Brigadier General Brown disagreed with Magee’s assessment, and told NBC’s Lisa Myers that the Army conducted its own tests of Dragon Skin in 2006.  He said that “Thirteen of 48 shots that were taken at Dragon Skin were penetrating, full penetrating shots,” and that the Dragon Skin had “failed miserably.”  Those tests, Brown suggested, led the Army to issue a “safety of usage” message, warning soldiers and commanders that use of Dragon Skin could cause.  

Funny thing, though.  The tests Brown described were conducted in May 2006, months after the Army banned Dragon Skin in March of that year.  When confronted by this fact by Myers, Brown responded, “Lisa, I’m–I’m not aware of that… I don’t know that it had not been tested at that time. I wasn’t here.”

Hammana, hammana, hammana…

Not All There

Nevan Rupert says the Army’s timing wasn’t coincidental.  A mechanical engineer and ballistics expert, he had spent seven years evaluating Dragon Skin for the Army at the time the May 2006 tests were conducted.  He did not attend those tests, he told NBC’s Myers, because the Army ordered him not to.  “They didn’t want you there?” Myers asked him.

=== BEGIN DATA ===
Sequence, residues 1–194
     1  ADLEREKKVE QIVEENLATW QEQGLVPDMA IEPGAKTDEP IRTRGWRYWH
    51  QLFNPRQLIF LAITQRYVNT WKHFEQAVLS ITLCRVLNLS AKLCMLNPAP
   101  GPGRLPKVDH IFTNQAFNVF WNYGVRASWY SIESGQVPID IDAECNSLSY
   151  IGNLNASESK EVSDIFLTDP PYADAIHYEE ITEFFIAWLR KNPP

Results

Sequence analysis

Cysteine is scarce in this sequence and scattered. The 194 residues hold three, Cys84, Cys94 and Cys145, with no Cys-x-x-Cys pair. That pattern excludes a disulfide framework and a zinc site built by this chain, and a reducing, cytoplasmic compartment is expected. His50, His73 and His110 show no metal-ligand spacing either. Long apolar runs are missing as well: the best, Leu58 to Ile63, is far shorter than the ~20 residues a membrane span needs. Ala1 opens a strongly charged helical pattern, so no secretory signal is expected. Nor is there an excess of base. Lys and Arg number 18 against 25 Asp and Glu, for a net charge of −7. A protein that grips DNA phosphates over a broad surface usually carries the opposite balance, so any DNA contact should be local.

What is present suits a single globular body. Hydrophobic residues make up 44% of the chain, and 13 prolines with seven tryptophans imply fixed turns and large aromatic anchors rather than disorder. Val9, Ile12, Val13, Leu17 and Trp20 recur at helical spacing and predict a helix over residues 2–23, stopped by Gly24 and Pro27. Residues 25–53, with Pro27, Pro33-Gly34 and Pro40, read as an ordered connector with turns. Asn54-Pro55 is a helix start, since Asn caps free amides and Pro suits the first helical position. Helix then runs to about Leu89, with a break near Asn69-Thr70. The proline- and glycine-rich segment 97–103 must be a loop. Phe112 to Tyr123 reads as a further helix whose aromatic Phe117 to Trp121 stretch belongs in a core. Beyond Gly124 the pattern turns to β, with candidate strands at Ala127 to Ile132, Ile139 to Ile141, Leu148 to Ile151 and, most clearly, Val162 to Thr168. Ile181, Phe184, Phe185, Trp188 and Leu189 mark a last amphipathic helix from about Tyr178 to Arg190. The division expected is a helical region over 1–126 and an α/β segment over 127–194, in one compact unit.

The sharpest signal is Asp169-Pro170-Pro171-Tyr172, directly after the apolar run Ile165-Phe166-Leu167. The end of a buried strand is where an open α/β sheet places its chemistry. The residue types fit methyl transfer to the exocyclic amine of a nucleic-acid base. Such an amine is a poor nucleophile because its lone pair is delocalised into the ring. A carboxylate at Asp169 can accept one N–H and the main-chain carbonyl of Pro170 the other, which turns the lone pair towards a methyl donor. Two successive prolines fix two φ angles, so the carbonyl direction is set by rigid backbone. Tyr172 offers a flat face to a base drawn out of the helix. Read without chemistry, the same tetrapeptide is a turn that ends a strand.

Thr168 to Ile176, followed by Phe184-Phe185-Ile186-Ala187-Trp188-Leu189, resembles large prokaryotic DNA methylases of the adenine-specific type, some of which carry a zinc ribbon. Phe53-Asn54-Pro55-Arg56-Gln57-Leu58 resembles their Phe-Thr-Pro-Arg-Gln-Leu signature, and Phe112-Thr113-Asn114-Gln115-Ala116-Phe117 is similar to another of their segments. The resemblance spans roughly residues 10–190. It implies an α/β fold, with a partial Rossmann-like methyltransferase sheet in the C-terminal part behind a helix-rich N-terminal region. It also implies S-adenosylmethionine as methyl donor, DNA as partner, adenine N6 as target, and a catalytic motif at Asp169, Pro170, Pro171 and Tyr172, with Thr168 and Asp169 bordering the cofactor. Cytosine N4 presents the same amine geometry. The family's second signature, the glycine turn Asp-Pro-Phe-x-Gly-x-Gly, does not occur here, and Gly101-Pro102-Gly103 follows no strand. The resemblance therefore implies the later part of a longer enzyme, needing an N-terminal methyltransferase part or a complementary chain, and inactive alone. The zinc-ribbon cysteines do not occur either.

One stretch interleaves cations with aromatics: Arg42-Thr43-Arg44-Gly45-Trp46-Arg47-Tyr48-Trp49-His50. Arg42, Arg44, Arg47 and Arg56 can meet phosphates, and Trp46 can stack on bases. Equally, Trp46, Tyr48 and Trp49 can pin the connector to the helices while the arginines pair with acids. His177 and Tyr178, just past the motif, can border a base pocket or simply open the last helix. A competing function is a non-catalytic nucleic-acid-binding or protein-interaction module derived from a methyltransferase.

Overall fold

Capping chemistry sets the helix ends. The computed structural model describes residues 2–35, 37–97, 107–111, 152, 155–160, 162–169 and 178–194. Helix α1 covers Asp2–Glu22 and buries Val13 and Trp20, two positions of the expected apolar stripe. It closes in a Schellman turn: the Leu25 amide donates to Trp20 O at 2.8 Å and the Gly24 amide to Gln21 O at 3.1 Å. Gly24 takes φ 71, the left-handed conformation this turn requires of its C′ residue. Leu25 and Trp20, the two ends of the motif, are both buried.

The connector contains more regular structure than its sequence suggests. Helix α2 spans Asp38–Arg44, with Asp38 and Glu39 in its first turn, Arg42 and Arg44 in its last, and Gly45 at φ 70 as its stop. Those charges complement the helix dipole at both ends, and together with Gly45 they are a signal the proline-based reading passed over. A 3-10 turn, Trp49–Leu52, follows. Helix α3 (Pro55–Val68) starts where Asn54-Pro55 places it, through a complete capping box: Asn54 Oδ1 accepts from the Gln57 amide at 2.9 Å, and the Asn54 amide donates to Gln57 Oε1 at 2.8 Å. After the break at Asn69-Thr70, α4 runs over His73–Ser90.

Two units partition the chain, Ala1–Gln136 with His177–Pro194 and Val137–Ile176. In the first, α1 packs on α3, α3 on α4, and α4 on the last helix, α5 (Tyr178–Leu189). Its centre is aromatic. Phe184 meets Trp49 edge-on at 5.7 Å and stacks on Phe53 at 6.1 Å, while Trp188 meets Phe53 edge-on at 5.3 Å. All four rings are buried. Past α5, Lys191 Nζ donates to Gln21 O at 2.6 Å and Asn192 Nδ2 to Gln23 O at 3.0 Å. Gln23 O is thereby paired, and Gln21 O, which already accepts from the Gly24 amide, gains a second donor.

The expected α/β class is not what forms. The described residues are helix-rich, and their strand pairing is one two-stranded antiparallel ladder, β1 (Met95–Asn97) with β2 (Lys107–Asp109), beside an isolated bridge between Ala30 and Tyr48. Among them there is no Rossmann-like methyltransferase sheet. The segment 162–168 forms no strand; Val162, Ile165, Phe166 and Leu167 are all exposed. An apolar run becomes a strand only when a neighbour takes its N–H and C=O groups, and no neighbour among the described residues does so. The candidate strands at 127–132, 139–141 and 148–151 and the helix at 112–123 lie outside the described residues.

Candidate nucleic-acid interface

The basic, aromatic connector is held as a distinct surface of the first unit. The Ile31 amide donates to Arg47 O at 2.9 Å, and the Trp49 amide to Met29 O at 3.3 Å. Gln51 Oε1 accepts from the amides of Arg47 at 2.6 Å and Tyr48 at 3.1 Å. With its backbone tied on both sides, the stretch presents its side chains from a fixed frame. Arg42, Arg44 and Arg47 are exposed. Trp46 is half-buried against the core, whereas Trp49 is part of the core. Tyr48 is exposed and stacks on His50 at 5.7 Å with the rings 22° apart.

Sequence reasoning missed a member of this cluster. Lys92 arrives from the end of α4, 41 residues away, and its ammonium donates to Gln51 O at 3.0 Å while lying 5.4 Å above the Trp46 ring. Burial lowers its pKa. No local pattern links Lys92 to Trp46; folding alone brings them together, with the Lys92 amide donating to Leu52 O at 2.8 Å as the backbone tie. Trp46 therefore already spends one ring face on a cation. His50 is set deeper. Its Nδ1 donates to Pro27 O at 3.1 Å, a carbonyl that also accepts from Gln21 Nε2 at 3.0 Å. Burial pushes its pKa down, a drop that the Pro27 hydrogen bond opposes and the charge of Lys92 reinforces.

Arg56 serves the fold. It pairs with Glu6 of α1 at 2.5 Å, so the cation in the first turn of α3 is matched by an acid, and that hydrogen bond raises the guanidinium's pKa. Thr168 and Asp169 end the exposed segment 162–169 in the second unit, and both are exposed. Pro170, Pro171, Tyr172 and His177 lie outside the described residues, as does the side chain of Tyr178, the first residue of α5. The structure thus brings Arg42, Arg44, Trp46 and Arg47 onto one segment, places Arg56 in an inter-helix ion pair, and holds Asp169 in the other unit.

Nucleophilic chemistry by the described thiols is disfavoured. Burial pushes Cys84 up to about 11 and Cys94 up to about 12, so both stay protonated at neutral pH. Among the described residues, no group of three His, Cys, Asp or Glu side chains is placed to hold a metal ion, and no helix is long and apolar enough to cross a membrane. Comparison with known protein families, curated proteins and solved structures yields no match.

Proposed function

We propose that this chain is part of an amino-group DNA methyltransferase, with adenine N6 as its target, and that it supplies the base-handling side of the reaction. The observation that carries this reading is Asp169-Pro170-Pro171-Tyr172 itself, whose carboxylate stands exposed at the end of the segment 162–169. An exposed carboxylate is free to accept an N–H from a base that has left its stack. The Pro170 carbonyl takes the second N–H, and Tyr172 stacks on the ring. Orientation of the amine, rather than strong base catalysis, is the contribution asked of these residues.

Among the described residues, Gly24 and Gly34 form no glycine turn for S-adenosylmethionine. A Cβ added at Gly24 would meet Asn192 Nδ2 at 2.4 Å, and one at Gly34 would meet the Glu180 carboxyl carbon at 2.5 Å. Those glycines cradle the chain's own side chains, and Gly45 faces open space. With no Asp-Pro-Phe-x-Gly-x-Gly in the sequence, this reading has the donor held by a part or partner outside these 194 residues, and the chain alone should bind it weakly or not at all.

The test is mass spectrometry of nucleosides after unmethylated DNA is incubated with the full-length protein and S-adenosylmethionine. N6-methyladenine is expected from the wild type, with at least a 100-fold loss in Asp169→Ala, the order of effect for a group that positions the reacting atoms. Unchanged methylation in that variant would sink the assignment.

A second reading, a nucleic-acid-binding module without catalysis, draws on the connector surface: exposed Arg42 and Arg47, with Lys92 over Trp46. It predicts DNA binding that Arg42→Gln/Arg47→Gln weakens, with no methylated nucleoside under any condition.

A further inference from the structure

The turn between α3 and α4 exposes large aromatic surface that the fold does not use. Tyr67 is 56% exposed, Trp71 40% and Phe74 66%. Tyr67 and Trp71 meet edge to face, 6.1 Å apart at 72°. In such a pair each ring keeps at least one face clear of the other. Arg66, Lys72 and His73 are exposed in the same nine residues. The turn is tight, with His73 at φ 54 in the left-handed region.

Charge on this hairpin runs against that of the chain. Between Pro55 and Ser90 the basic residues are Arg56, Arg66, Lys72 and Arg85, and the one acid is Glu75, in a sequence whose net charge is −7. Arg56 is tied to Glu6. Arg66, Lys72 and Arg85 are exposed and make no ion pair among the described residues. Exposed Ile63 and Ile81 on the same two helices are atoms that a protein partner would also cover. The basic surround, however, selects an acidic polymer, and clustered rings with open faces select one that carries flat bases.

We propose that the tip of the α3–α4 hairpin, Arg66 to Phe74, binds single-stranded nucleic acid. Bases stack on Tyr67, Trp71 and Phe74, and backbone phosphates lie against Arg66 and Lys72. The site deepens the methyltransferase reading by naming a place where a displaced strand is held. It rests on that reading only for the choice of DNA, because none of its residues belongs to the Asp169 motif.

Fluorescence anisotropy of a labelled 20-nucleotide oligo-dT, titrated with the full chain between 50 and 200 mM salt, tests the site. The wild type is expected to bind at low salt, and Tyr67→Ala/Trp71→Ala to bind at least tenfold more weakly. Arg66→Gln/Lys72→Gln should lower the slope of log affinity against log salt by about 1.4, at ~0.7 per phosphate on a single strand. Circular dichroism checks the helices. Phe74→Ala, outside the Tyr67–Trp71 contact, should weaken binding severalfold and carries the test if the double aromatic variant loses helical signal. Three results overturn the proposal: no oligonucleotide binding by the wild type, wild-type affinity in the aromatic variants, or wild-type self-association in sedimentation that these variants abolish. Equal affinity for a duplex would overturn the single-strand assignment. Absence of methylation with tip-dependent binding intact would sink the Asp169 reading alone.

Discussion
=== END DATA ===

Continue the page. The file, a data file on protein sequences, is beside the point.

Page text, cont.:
“They didn’t want a lot of people there,” Rupert said.

Rupert told Myers that since Dragon Skin had not been developed by the Army, some officials viewed as a threat of funding for the Interceptor armor and other Army acquisition programs.

The Army fired Rupert in February 2007.  Rupert had spent over 33 years as a civilian employee with the Weapons & Materials Research Directorate at the Aberdeen Proving Grounds in Maryland.  Rupert says he was dismissed for his support of the Dragon Skin armor.  

Geese and Ganders

Thought the Dragon Skin ban supposedly applied to everyone in the Army, but in reality, it doesn’t appear to apply to three-star generals and their staffs.  Sources and documents obtained by NBC revealed that former ground commander in Iraq Lieutenant General Peter Chiarelli and his staff had something of a penchant for the state-of-the-art body armor.